No Time for Training?

Ever feel like you’re moving at a dizzying pace?

Or that you’re being pulled in a million different directions every day?

If trying to fulfill all of your personal and professional responsibilities leaves you feeling a bit starved for time, you’re not alone.

“Too little time” is the number one concern customers raise when it comes to training.

Organizations fear that pulling employees away from their jobs, even for a day or two, will negatively impact productivity and performance.

To mitigate this perceived risk some organizations opt to shorten training or, worse, skip it altogether believing it to be a “nice-to-have” instead of a necessity.

But when it comes to communications training, cutting corners could cost you.


Because it’s the one make-or-break skill every employee uses EVERY SINGLE DAY on the job, whether internally or when interacting with customers.

Effective communication skills help people unearth new ideas, engage opportunities, strengthen relationships, calm fears, influence actions, enhance promotions, drive strategies, sell solutions, motivate people, and win deals.

The potential return on communications training far outweighs the costs of taking employees out of the field for a couple of days.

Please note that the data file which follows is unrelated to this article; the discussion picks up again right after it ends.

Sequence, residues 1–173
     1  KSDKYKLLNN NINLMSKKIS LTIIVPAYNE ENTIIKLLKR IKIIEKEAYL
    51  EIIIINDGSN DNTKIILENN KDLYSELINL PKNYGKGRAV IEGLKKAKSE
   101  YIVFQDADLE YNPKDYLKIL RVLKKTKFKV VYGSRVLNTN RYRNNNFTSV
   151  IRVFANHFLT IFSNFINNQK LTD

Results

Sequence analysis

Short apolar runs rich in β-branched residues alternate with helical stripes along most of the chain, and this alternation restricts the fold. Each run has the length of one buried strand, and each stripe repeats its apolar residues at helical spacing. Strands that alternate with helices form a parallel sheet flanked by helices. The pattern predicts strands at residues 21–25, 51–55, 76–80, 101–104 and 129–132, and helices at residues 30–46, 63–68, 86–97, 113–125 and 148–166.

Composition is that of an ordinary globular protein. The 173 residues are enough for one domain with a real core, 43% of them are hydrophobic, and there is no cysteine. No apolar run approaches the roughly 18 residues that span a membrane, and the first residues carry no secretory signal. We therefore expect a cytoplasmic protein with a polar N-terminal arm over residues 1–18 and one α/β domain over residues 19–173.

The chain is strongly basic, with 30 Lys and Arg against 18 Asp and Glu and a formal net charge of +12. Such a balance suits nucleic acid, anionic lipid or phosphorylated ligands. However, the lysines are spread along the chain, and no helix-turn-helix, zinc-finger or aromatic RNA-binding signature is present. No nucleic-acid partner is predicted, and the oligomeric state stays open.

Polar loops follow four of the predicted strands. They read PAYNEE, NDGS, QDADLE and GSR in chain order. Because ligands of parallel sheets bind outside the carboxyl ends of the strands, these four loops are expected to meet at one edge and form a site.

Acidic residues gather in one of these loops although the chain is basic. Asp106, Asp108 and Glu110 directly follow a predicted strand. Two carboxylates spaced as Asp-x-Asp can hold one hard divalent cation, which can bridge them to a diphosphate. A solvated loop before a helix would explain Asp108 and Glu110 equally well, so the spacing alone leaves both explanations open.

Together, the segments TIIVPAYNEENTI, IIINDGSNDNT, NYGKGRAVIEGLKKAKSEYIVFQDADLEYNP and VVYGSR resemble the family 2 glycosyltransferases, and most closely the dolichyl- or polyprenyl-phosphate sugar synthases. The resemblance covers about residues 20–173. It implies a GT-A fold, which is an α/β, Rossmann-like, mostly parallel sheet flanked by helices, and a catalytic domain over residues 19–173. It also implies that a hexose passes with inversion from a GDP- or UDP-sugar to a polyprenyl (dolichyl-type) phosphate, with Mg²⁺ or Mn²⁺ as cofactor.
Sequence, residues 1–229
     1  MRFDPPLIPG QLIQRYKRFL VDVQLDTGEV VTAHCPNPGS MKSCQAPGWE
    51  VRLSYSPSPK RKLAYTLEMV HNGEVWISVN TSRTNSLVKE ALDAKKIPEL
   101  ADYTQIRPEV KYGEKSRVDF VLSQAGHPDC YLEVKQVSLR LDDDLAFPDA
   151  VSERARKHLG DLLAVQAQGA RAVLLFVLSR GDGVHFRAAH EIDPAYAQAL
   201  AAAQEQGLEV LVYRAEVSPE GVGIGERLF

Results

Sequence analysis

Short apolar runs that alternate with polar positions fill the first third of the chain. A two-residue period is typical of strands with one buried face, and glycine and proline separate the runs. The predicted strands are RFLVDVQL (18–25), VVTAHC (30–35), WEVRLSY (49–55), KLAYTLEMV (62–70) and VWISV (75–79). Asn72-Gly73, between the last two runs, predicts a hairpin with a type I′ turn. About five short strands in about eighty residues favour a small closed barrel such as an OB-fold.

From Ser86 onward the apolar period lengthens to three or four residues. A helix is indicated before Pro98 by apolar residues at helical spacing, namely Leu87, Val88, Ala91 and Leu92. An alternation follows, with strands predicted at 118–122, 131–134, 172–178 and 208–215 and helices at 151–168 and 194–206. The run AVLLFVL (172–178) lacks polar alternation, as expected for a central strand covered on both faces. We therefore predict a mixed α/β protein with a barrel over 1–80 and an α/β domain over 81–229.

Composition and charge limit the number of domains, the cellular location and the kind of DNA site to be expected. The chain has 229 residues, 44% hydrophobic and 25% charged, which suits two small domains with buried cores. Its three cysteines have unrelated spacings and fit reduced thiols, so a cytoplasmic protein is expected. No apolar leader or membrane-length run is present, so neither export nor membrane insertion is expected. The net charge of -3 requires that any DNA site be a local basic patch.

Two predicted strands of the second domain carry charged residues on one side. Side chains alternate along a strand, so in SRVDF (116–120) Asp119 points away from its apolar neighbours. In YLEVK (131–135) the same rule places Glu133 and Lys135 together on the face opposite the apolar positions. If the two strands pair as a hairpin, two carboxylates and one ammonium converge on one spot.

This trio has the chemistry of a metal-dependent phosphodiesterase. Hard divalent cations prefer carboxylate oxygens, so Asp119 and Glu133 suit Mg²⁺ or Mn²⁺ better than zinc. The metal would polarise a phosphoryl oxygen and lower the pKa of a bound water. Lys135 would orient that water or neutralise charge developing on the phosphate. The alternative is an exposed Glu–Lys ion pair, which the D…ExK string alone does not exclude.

What are the costs of NOT training people?

Poor communication costs large, global companies an average of $62.4 million per year. Small companies don’t fare better, losing an estimated $5,246 per employee.

Based on surveys conducted by Mandel, on average, only 1 in 10 workshop participants has ever had any formal communications training. Think about that for a moment—only 10% of the workforce has had any significant communications training.

With that context, it’s easy to understand why a “lack of good communication” is so often cited as the reason business initiatives and relationships fail.

Now, think of the last big deal you lost to your competition or the last big project that went off the rails or the last unhappy customer you heard from.

Chances are things went awry not because your solution wasn’t the best fit and not because your project plan wasn’t solid and not because you didn’t deliver the goods to your customer—but because communication broke down.

Instead of thinking you can’t afford to spend time training employees to be more effective communicators, ask yourself what the cost is of NOT doing so?

The truth is training not only improves your organization’s communication effectiveness, it also saves time in the long run.

Imagine if you had a repeatable, consistent process for building an audience-focused presentation in less than 30 minutes?

People typically agonize for much more than 30 minutes when they pull together a presentation.

Once people learn an easy-to-apply framework for doing this, I often hear, “If only I’d had this earlier in my career—it would’ve saved me so much time and aggravation!”

What if you had a tool whereby your sales team needed just five minutes of group prep to ensure you were all singing out of the same hymnal before a high stakes meeting?